Sandia demonstrates device for preventing battlefield friendly fire

October 28, 2005

ALBUQUERQUE, N.M. – Sandia National Laboratories, along with partners General Atomics Aeronautical Systems, Inc. and Sierra Monolithics Inc., demonstrated the Athena Radar-Responsive Tag during Exercise “Urgent Quest” in the United Kingdom (Salisbury Plains Training Area) Sept. 19 through Oct. 9, 2005.

Athena was developed with sponsorship from the U.S. Army CERDEC I2WD Division and the U.S. Air Force Air Warfare Battlelab.

Urgent Quest is a Military Utility Assessment, associated with the Coalition Combat Identification (CCID) Advanced Concept Technology Demonstration (ACTD), organized to demonstrate the effectiveness of new technologies in preventing friendly fire, or fratricide.

The final report for the exercise will be released in March 2006.

During the demonstration, Athena tags were placed on military vehicles participating in the exercises. The device, tracked via aircraft radar, can be used to identify both U.S. and coalition forces during combat to avoid fratricide. During war, fratricide is the act of killing one’s own soldiers.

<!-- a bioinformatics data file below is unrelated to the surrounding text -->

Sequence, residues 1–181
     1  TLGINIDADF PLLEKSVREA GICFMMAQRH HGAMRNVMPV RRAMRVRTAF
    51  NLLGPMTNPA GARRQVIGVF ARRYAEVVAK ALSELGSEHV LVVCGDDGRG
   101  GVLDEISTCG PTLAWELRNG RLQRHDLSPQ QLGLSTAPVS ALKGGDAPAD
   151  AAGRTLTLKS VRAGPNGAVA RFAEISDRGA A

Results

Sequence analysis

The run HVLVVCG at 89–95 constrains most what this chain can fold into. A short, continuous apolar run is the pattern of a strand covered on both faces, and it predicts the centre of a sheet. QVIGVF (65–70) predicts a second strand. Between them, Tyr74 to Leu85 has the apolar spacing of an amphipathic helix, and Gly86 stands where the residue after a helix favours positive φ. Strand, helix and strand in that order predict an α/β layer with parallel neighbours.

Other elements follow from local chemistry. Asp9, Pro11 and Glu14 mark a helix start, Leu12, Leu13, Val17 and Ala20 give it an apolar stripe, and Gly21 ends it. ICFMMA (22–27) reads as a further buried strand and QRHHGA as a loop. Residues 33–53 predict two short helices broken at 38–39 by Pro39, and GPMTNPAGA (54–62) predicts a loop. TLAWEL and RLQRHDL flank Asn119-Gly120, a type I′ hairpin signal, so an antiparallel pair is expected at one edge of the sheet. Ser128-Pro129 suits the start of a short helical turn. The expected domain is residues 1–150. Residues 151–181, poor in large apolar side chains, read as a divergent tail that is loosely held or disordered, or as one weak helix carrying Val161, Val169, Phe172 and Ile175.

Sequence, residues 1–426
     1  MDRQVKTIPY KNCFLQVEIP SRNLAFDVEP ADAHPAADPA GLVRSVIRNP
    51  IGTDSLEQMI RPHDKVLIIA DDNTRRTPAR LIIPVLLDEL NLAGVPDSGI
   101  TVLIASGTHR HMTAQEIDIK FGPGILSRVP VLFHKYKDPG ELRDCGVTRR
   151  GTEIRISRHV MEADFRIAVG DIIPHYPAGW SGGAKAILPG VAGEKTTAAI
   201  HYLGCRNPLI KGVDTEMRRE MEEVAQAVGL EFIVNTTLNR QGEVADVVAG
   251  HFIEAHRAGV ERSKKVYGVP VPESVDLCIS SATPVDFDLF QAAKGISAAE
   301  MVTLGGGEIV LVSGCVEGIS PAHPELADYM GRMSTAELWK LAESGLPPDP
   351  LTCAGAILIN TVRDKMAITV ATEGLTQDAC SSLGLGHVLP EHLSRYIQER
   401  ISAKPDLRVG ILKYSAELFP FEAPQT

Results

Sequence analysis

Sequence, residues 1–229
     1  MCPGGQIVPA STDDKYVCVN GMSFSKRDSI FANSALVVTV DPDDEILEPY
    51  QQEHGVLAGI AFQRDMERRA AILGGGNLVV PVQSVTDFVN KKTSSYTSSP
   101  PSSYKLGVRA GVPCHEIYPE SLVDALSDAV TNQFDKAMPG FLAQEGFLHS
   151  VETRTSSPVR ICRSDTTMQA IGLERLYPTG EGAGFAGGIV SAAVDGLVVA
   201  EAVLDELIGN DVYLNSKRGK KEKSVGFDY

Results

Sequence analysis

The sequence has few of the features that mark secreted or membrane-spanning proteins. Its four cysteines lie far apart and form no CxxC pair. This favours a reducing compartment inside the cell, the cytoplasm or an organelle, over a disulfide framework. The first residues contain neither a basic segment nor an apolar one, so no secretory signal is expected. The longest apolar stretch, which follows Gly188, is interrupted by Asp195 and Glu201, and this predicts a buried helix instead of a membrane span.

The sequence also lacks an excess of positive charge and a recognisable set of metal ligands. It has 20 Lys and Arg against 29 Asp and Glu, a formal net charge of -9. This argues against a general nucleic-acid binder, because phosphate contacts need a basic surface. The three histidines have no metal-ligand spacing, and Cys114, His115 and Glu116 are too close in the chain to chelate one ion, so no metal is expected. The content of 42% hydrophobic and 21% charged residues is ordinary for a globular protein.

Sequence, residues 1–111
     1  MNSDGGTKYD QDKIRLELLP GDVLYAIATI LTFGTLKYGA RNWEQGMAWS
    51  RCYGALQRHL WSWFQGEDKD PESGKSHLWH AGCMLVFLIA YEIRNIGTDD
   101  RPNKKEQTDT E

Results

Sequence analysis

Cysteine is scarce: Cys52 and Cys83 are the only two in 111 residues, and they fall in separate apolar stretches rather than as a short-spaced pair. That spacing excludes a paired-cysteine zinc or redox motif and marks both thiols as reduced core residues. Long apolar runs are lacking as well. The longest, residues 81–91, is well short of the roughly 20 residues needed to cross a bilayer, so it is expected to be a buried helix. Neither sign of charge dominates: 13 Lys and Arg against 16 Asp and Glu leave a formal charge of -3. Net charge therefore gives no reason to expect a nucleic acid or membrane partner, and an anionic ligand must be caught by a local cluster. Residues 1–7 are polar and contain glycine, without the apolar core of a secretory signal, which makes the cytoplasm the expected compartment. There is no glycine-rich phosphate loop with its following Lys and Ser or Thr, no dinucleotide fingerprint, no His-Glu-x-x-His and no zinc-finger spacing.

Aircraft on bombing runs used their on-board radar systems to ensure there were no friendly troops in their sights. If an Athena-tagged vehicle was present, a unique identifier appeared on the pilot’s screen alerting him to a friendly force in his target area, thereby avoiding a potential friendly fire incident.

In preparation for Exercise Urgent Quest, the Athena tag has been demonstrated with several U.S. and European aircraft. In addition to combat identification, the tag can be used for blue force tracking, a similar but not identical mission.

Sandia Project administrator Darick Lewis says the exercises were intended to evaluate the effectiveness of various technologies in preventing friendly fire.

“Ideally, worthy candidate technologies can be transitioned into final development programs and produced for warfighter use,” he says. “Athena is effective because it utilizes a fighter aircraft’s existing radar for detection. It is simple, rugged, small and inexpensive to integrate.”

On the World Wide Web:

DOE/Sandia National Laboratories

comments powered by Disqus